AUSTIN, Texas — Harvey has so far killed at least 70 people who drowned in floods, got crushed by trees and died during power outages — a surprisingly low toll that experts say reflects heeded warnings, swift action by first responders and volunteers, and no small amount of luck.
“It was astounding that we didn’t have a much larger loss of life,” said Phil Bedient, co-director of a Rice University effort to research severe storms and evacuations. “It is a relatively low number for as big a storm as this was.”
The system intensified from an ordinary storm to a Category 4 hurricane in just over two days before striking Texas on Aug. 25 and dropping 52 inches of rain while parked over the Houston area.
Authorities and experts say lessons learned from previous disasters made a major difference. Floodgates installed around hospitals kept the power on. Search-and-rescue crews raced toward the coast ahead of time. Houston leaders did not call for a mass evacuation in an area with 6.5 million people, keeping them off highways that were later underwater.
Nor did authorities mince words on social media: Houston’s police chief told people not to retreat into attics unless they could break out with an ax.
There was also luck. It helped that Harvey crashed ashore along one of the more rural stretches of the Texas coast. The storm surge reached 12.5 feet (3.8 meters) in a wildlife refuge in Aransas County, where so far the only death reported was a person killed in a fire.
“As far as we know, there were few or no storm surge fatalities,” said National Hurricane Center Acting Director Ed Rappaport. “That’s kind of remarkable given that it’s a Category 4 landfall.”
Harvey’s full toll won’t be realized for weeks. At least 18 people are still missing in Houston alone, and bodies are still emerging. The most recent discoveries include the body of a 3-month-old baby who was swept away from her parents when their truck was shoved off the road by raging floodwaters.
Around the cities of Port Arthur and Beaumont, authorities say they will not release details of storm-related deaths until all bodies are recovered.
Most of Harvey’s victims died in floodwaters, including six family members who were riding in a van. Electricity outages have also been blamed for some indirect deaths, such as when oxygen tanks lost power. One man died of a heart attack when rescuers could not get to him in time.
In 2005, Hurricane Katrina claimed more than 1,800 lives. Hurricane Ike was blamed for at least 20 deaths after hitting the Texas coast in 2008.
Nim Kidd, chief of the Texas Division of Emergency Management, said Harvey’s rapid growth into the fiercest hurricane to hit the U.S. in 13 years snapped people into taking the threat seriously.
“Remember, we had a condensed timeline. Normally we get five to seven days,” Kidd said. When Harvey grew in such a short period of time, “it got a lot of the public attention.”
The standard for categorizing deaths as storm-related varies from county to county. Many law enforcement agencies did not count indirect deaths such as the fatal heart attack or car accidents caused by trees that fell days after the storm. But some other agencies, as well as The Associated Press, include those fatalities in their totals.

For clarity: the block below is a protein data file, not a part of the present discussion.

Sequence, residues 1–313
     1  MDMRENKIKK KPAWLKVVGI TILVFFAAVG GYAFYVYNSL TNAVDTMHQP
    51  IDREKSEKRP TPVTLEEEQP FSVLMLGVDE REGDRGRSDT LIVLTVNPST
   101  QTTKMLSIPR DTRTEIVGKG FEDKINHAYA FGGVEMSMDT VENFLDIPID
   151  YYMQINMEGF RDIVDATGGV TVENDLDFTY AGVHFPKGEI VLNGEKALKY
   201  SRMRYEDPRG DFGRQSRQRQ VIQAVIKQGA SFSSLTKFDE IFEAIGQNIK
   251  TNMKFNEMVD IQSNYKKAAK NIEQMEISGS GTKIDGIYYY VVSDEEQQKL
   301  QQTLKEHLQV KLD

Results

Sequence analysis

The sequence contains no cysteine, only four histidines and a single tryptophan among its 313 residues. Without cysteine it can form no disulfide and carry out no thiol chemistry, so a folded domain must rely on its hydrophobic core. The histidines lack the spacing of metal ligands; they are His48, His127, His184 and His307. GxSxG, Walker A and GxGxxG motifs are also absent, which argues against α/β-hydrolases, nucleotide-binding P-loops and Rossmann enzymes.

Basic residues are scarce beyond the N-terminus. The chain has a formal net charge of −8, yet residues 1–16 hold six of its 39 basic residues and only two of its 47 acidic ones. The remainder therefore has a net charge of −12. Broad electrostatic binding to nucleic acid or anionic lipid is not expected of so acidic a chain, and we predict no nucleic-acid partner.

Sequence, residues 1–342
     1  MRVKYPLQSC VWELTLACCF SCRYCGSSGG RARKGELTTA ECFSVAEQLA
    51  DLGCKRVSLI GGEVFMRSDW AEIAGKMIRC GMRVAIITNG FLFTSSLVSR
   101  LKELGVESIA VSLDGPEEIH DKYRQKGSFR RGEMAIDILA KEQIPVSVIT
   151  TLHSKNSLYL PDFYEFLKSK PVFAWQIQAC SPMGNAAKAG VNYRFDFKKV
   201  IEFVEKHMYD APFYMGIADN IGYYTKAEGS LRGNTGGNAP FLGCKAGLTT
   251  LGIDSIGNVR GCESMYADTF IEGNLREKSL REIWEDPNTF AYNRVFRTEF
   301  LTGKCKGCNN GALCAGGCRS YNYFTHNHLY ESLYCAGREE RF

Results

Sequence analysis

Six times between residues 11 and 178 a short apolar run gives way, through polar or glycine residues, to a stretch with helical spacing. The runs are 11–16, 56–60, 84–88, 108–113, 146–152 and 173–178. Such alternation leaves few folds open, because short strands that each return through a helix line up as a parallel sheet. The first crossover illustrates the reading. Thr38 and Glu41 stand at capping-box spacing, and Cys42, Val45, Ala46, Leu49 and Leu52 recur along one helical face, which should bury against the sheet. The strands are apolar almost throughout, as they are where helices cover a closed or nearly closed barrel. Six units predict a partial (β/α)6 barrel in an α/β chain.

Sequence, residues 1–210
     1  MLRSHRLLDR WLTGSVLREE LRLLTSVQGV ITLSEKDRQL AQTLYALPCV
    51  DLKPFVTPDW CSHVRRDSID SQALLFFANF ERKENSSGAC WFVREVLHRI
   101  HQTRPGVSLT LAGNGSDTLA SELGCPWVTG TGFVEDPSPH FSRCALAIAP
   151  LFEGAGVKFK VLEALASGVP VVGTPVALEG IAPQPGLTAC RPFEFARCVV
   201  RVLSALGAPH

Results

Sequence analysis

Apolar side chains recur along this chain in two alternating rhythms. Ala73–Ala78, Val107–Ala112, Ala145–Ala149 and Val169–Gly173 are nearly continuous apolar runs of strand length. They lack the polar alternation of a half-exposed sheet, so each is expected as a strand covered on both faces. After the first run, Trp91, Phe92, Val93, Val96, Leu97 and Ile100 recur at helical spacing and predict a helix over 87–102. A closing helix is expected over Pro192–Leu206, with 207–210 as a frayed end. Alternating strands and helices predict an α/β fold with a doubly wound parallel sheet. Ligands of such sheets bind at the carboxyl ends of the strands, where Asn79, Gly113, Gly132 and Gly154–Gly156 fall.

In Houston, police officer Austin Huckabee said he and four other officers saved 30 to 40 people in the first 24 hours. At one point, they commandeered a city dump truck and, although none of them were certified to do high-water rescues, they didn’t hesitate.
The toll would have been “exponentially higher” if the city had evacuated, Huckabee said, recalling Hurricane Rita in 2005, when many of the more than 100 deaths occurred as people tried to flee the city.
“We remembered what happened during Katrina and Rita, and we weren’t going to let that happen again,” Huckabee said.
The same could be said for families trapped in their homes by rising waters and neighbors with their own boats who joined in the rescue efforts. Antonio Lopez is a fire chief in the Texas border city of Weslaco who said the flotilla of personal boats and kayaks made a critical difference.
If those civilians had not acted, “I can assure you the numbers would have been a lot higher on deaths,” said Lopez, who in May delivered a state presentation on disaster responses. “It played out very well. The citizens stepped up to the plate and knew there weren’t enough responders to go around.”
John Mutter, a Columbia University professor who studied deaths from Katrina, said if Harvey’s death toll remains low, Houston and surrounding areas deserve credit for how they handled the storm.
“For something that big that lasted that long, I think (the low death toll) shows that first responders worked tremendously hard. I think it shows how most people were reasonably responsible with how they protected themselves. And I think it shows a huge credit to Houston for being prepared,” Mutter said.
Lauer reported from Dallas. Associated Press Writer Seth Borenstein in Washington and Robin McDowell in Houston contributed to this report
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